Older people's use of powered wheelchairs for activity and participation
Åse Brandt A1, Susanne Iwarsson A2, Agneta Ståhle A3
A1 Danish Centre for Technical Aids for Rehabilitation and Education Århus Denmark
A2 Department of Clinical Neuroscience, Division of Occupational Therapy Lund University Sweden
A3 Department of Technology and Society, Division of Traffic Planning Lund University Sweden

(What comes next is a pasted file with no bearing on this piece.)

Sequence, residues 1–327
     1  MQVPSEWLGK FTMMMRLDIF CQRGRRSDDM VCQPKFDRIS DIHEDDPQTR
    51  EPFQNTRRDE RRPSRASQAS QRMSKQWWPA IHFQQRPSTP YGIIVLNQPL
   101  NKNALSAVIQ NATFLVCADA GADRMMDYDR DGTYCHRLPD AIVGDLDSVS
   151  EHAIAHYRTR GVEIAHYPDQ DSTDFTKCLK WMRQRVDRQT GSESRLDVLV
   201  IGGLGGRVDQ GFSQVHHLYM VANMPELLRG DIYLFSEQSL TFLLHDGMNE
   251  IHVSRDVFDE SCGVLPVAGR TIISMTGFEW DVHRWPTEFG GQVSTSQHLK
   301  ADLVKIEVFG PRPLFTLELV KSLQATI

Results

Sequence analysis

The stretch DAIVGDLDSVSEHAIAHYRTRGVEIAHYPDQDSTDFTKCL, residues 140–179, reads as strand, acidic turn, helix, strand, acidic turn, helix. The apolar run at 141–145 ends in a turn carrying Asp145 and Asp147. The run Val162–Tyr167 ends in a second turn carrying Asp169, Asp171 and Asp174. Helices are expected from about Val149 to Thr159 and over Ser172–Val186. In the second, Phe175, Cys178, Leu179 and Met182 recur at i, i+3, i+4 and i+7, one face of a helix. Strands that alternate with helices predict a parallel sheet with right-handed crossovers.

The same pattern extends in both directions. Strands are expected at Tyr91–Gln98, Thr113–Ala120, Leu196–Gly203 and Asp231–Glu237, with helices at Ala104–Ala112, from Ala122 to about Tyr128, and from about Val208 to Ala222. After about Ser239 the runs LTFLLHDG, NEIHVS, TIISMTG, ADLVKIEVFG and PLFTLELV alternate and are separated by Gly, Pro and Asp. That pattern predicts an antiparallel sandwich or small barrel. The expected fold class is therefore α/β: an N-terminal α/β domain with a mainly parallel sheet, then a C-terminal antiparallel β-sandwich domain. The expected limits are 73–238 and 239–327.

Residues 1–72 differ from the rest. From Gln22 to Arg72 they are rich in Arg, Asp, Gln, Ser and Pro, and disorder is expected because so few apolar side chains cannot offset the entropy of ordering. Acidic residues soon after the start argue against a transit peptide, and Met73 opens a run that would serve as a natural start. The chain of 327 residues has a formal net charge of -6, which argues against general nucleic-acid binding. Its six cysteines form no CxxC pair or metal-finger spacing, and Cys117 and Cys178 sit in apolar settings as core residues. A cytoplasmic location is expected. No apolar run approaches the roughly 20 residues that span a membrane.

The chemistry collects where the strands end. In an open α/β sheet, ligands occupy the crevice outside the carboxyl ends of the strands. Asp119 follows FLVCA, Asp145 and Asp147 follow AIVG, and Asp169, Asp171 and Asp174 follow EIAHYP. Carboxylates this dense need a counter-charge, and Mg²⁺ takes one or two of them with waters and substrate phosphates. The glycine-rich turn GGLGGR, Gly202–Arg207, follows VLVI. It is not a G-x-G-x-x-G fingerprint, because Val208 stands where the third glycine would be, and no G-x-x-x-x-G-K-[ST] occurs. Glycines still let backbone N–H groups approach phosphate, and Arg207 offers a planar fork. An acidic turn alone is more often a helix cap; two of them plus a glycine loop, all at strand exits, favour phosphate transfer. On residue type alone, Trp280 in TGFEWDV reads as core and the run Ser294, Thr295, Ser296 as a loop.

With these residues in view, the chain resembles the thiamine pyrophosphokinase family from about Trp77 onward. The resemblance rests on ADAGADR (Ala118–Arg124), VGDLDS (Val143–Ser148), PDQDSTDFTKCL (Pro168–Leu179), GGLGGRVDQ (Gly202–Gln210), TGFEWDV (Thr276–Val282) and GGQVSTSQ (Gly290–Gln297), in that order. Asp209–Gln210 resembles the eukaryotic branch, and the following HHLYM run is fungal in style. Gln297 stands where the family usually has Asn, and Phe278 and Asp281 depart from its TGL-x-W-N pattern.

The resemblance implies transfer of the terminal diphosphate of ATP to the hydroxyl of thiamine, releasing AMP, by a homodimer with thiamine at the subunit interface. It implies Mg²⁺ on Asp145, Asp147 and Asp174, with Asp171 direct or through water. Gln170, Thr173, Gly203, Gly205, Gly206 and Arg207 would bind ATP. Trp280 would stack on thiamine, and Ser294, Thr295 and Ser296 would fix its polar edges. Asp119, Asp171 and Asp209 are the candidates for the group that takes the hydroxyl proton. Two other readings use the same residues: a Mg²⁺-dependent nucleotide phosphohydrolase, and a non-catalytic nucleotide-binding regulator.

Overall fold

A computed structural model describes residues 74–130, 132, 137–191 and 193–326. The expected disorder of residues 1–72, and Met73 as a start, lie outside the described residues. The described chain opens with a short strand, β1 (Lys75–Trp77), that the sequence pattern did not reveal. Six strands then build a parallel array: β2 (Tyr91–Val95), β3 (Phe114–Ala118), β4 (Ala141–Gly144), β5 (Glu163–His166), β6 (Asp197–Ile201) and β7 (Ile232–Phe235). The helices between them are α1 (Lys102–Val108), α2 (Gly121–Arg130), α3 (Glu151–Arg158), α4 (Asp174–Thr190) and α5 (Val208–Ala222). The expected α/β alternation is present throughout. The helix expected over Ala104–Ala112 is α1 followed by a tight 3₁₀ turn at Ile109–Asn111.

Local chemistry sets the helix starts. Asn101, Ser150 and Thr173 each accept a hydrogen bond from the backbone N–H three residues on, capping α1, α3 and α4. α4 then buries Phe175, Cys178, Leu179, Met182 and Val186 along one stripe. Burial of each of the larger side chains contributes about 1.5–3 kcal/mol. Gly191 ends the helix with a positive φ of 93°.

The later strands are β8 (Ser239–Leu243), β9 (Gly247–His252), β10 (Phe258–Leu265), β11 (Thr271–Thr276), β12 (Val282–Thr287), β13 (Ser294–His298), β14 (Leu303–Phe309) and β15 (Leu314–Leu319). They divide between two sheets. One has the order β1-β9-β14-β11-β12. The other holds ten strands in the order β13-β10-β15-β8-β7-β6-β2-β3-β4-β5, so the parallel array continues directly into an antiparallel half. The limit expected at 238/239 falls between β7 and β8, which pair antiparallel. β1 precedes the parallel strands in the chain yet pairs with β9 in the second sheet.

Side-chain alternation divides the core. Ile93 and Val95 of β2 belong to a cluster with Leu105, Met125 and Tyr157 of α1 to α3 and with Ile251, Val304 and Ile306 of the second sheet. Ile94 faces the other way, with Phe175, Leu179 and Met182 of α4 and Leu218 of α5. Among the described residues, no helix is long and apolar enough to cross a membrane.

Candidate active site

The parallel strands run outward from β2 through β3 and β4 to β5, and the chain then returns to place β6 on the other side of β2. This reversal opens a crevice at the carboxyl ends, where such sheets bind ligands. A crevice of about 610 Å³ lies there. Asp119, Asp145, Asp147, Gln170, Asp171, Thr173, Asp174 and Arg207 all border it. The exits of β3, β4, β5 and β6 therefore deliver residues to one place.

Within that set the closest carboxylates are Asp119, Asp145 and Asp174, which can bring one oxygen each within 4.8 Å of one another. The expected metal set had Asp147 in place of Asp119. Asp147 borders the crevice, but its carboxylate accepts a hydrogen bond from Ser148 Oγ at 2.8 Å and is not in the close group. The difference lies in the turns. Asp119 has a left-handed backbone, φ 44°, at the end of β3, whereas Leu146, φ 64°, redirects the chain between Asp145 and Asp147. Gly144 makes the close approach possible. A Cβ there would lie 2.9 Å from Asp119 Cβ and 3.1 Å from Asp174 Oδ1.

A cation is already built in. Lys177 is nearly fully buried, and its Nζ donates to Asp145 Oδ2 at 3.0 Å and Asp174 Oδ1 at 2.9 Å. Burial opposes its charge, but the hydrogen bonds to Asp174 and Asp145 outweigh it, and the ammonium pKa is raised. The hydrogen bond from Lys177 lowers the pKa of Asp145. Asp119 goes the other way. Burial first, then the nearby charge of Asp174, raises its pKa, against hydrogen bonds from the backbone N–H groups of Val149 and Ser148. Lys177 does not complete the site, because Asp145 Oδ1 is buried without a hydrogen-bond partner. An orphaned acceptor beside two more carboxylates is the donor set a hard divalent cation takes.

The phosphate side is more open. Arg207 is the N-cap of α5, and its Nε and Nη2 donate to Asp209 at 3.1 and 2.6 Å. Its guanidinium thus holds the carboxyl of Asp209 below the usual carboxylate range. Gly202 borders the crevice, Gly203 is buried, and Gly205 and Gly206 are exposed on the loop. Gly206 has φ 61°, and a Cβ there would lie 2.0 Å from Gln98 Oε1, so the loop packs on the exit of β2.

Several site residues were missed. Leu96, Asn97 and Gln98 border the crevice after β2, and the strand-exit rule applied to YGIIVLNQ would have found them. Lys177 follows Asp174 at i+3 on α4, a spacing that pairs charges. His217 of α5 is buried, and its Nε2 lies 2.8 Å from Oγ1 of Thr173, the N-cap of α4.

Objective: The aims of this study were to investigate outcomes of older people's use of powered wheelchairs and risk factors for negative outcomes. Design: The study was a cross-sectional interview-study including 111 powered wheelchair users over 65 years of age. Results: All participants used their powered wheelchair in the summer; nearly all users regarded it as important and found that it gave them independence. The wheelchair made activity and participation possible for the users. The most frequent activity in the summer was going for a ride, and in the winter it was shopping. However, some could not use the wheelchair for visits, and supplementary travel modes are called for. Users who could not walk at all or who could not transfer without assistance were more likely not to be able to carry out prioritized activities. Furthermore, other risk factors for negative outcomes and need for further research were identified. Conclusion: The use of powered wheelchairs is a relevant societal intervention in relation to older people with limited walking ability in order to make activity and participation possible. It is likely that a larger proportion of older people could benefit from this intervention, in particular if current practices are improved taking activity and participation outcomes into consideration.
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